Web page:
‘Mayor of Main Street’ David Magadini missing in action
Great Barrington — It’s been the talk of the town — sort of. Where is David Magadini, the homeless denizen of Main Street and political gadfly who often lectured the selectboard on everything from ethics to ecology?
Turns out that Magadini was injured in an accident in July and, after a period of hospitalization, now resides at Fairview Commons, a nursing and rehabilitation center not far from the home he left many years ago on Christian Hill Road.
Reached at Fairview Commons on Monday, Magadini said he has been at the rehabilitation center since August and has made progress since his admittance.
“I’m recovering from injuries,” Magadini, who declined to elaborate, said in a brief Edge interview. “I got injured.”
Told that many people in town were concerned about him and were inquiring as to his whereabouts, Magadini replied, “I appreciate their being concerned.”
On the evening of July 6, Magadini, who was known to walk the streets pushing a cart containing his belongings, was reportedly struck by a minivan on South Main Street (Route 7) in the area of Ward’s Nursery. Magadini was taken to Fairview Hospital and later transported to the orthopedic unit at Baystate Medical Center in Springfield.
Charles Van Ausdal, known as Pastor Van, the retired longtime minister at the First Congregational Church on Main Street, said he had visited Magadini last month and found him to be “smiling and in very good spirits.”
“I have known David for many years,” said Van Ausdal. “I lived on Main Street and we saw each other often.”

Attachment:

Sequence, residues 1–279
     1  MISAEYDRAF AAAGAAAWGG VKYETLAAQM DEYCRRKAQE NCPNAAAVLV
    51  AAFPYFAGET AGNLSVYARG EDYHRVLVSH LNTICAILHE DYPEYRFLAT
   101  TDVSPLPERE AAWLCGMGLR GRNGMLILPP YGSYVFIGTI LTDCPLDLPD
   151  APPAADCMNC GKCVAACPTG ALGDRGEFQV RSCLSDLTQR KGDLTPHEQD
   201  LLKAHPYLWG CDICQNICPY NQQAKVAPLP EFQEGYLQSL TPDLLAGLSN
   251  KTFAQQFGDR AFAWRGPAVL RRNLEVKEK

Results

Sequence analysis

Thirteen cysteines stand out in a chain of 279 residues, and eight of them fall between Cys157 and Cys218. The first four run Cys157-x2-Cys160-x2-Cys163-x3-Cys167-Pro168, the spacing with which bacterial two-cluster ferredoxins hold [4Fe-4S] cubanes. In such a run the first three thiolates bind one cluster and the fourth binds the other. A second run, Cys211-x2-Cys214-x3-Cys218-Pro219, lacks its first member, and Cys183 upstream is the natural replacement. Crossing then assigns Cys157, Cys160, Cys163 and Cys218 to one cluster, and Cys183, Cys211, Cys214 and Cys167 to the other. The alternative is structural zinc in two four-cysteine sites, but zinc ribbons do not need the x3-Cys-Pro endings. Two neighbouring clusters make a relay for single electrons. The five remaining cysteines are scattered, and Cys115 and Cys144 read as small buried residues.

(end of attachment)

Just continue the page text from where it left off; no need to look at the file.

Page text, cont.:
As Edge contributor Andrew Blechman wrote on Pastor Van’s retirement two years ago, “When tempers would flare over David Magadini, Great Barrington’s homeless-by-choice gadfly, Pastor Van was known to intercede on his behalf.”
Know affectionately by some as the Mayor of Main Street, the white-bearded Magadini has been roaming downtown Great Barrington for at least 14 years, typically wearing a wool hat, a heavy coat and insulated work boots even in warm weather.
Magadini, now 72, was born and raised in Great Barrington, graduating from the former Searles High School in 1963. He later attended the University of Iowa and earned a degree in liberal arts.
In December 2005, Magadini was evicted from his home by his landlord. He has declined to say why, but it is widely known that it was for refusing to pay his water bill.
Prior to his eviction, he served on the Zoning Board of Appeals and has run unsuccessfully for town moderator several times. Magadini is known for attending as many municipal meetings as he can, often voicing his opinions during public comment with extended sermons on the virtues of good government and the rights of the oppressed.
But he has also run afoul of the law several times. Magadini has been convicted of multiple counts of trespassing. Magadini is also well known in legal circles throughout the state and beyond.
In the winter of 2015 he managed to avoid a jail sentence pending a court review of seven trespassing convictions in Great Barrington. That fall the American Civil Liberties Union filed an amicus brief in the case before the state Supreme Judicial Court, arguing that the so-called “defense of necessity” would hold harmless “a homeless individual who trespasses on private property in order to find safe shelter in winter conditions.”
In 2015, he was evicted from the gazebo behind town hall, where he often slept and heated up soup in a hot pot. In 2016, the trustees permanently banned Magadini from the town’s two libraries for declining to cooperate with staff and failing to vacate the premises in a timely manner at closing time.
As for how long he expected to remain at Fairview Commons, Magadini said staff was working on a schedule for his release but he did not yet know the timeframe. A woman who answered the phone at the rehabilitation desk said Fairview Commons does not release patient information.